Reading the market tea leaves

When financial analysts talk about the future, what they don’t say is sometimes even more important than what they do tell us. That was my feeling recently after listening to the comments of Sam Stovall, chief investment analyst at Standard and Poor’s.

The event was a high-tech conference call for financial professionals and the business media. While Stovall was reading the market tea leaves, we were able to follow his power point presentation through a special Internet link.

The overall tone of his message was positive. Despite the worries facing the markets, the rest of 2004 should be pretty good for investors. His year-end target for the S&P 500 is 1,215 which would be an increase of about 8.5 per cent from the level at the time he spoke. His Nasdaq target is 2,225, which would be a 12 per cent upward move.

Stovall, who is the author of The Standard and Poor’s Guide to Sector Investing, used a dazzling array of statistics and projections to bolster his case. Capital spending will rise almost 14 per cent this year, he forecast. S&P 500 earnings per share will increase by 19 per cent. The price/earnings ratio for the S&P is 19, which is bew average (meaning stocks are relatively cheap). Real GDP growth in the U.S. this year will be 4.8 per cent. All good signs for the markets.

Moreover, Stovall, who is a student of market history, says the past is on our side. The second year of a bull market, while generally not as good as the first, still tends to be quite strong. Presidential election years usually produce rising markets, with an average gain of 8.6 per cent from 1944-2003.

All in all, the prospects are bright — at least for 2004. “I’m fairly optimistic for this year,” Stovall concluded. “In the near term, markets will be able to overcome that wall of worry.”

What he did not say was what he expects to happen in 2005. But some of the numbers he produced told their own story. Some examples:

· Real GDP growth in the U.S. is expected to slow to 3.5 per cent in 2005. The growth in consumer spending will fall a full percentage point, from 3.9 per cent to 2.9 per cent. Equipment investment, projected to increase 13.9 per cent this year, will decelerate to an 8.5 per cent advance next year.

· Inflation will slow to 1.5 per cent in the U.S. in 2005 but yields on 10-year bonds will increase by a full percentage point to 5.6 per cent. Stovall didn’t say as much, but this clearly would increase the attractiveness of bonds relative to stocks.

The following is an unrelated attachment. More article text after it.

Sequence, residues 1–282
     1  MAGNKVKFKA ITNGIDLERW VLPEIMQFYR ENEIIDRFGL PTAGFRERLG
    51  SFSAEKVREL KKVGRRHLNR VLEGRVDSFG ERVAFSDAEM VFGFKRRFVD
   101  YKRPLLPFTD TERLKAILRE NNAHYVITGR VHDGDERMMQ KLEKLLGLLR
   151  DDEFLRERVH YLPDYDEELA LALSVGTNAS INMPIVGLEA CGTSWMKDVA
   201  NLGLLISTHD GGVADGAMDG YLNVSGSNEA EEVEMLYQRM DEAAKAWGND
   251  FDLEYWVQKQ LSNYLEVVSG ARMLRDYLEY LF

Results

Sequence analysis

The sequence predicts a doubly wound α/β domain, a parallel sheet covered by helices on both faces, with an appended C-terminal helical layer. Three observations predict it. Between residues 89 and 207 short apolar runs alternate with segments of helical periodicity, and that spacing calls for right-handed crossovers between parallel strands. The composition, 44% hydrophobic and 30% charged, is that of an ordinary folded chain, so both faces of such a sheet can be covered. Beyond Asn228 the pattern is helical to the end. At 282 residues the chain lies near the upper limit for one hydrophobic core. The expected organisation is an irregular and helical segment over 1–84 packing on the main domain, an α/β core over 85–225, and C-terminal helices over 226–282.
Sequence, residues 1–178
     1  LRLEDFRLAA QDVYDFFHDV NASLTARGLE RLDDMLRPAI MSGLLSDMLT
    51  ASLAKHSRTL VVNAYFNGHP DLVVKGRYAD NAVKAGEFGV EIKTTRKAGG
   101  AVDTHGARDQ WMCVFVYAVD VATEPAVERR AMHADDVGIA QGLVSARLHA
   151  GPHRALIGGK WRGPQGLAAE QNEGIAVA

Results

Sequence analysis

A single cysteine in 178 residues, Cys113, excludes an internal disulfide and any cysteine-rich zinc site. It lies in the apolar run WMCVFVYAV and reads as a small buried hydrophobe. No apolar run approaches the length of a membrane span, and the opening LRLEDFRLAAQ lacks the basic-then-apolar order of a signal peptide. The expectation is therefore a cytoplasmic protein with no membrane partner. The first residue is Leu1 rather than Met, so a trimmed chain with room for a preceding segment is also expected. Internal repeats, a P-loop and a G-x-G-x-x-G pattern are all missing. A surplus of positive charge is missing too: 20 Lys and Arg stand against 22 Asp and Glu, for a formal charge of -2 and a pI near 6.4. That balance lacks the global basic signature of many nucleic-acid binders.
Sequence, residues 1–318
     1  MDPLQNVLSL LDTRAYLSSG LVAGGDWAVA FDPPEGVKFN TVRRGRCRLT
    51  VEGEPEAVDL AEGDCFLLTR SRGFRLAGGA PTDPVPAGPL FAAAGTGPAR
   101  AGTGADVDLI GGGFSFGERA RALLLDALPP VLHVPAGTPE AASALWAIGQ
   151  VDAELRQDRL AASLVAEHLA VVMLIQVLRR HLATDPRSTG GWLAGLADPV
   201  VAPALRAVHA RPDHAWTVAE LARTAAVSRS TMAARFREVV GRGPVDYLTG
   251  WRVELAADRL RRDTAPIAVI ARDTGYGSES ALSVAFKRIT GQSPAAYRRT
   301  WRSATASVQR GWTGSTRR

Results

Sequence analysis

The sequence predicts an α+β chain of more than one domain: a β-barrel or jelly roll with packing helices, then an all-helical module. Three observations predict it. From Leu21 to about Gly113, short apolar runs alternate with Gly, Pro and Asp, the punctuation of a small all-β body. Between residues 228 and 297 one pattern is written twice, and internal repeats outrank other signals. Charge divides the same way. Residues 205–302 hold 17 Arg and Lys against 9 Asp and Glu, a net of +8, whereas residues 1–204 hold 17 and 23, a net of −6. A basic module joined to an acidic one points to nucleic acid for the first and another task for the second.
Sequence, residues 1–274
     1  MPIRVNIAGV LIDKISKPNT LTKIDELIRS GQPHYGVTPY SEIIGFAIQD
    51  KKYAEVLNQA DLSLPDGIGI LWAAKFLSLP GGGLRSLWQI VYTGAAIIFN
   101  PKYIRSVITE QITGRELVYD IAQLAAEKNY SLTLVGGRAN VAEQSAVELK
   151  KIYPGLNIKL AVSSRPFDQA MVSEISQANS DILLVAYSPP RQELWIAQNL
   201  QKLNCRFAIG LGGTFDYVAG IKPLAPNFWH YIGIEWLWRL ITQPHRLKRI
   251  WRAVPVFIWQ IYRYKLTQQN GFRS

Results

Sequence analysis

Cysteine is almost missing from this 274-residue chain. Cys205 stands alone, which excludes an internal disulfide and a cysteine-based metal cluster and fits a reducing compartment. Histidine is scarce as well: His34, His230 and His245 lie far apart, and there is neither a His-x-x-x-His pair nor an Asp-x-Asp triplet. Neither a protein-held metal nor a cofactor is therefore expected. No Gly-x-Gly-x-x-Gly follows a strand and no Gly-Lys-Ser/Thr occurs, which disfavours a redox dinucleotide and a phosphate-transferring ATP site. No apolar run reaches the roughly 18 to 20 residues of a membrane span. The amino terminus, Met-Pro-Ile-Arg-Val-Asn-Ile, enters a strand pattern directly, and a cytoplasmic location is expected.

· S&P earnings per share (EPS), which are increasing at a rate of 19 per cent this year, will pull back to an 11 per cent increase in 2005. Energy stocks will actually experience a decline of 10 per cent in EPS next year. 

· Historically, periods when interest rates are rising are negative for stock prices.

From 1970 to 2000, the S&P 500 fell by 5.8 per cent on average in the 12 months following the first of a series of rate hikes by the U.S. Federal Reserve Board. Stovall predicts the Fed will raise its key rate by three percentage points in the next two years, which would take it from 1 per cent to 4 per cent. Financial, industrial, and consumer discretionary stocks are the most vulnerable in this situation.

· Market history raises the possibility that we could be in a sideways cycle that could last 20 years. During this period, stocks may show a great deal of short-term volatility but the overall trend remains flat.

· The first two years of a presidential term are normally the worst ones for the markets. Moreover, whenever an incumbent president is defeated, the S&P 500 has dropped 4.7 per cent in the subsequent year. George W. Bush faces that possibility as the Iraqi debacle worsens.

So what are we to make of all this? The prudent investor should take Stovall’s analysis as a warning sign. Stocks may stage an impressive rally, as the second and fourth quarters are historically very strong in an election year. That will be a signal to take some profits, since 2005 isn’t shaping up as very promising, especially if Bush loses. 

Of course, all this can change in a minute. A major terrorist attack on the scale warned of by the U.S. Attorney-General last month would throw all the projections out the window. So would a decision by the Fed to either delay interest rate increases or accelerate them. As we have learned in recent years, sometimes painfully, nothing can be taken for granted.

But if, for once, the financial world unfolds as expected, then it looks like we have one more chance to make some good profits in the stock market. Then it will be a case of pulling in our horns for a while and waiting for new opportunities. In the interim, fat bond yields will help to ease the transition.

Adapted from an article that originally appeared in the Internet Wealth Builder.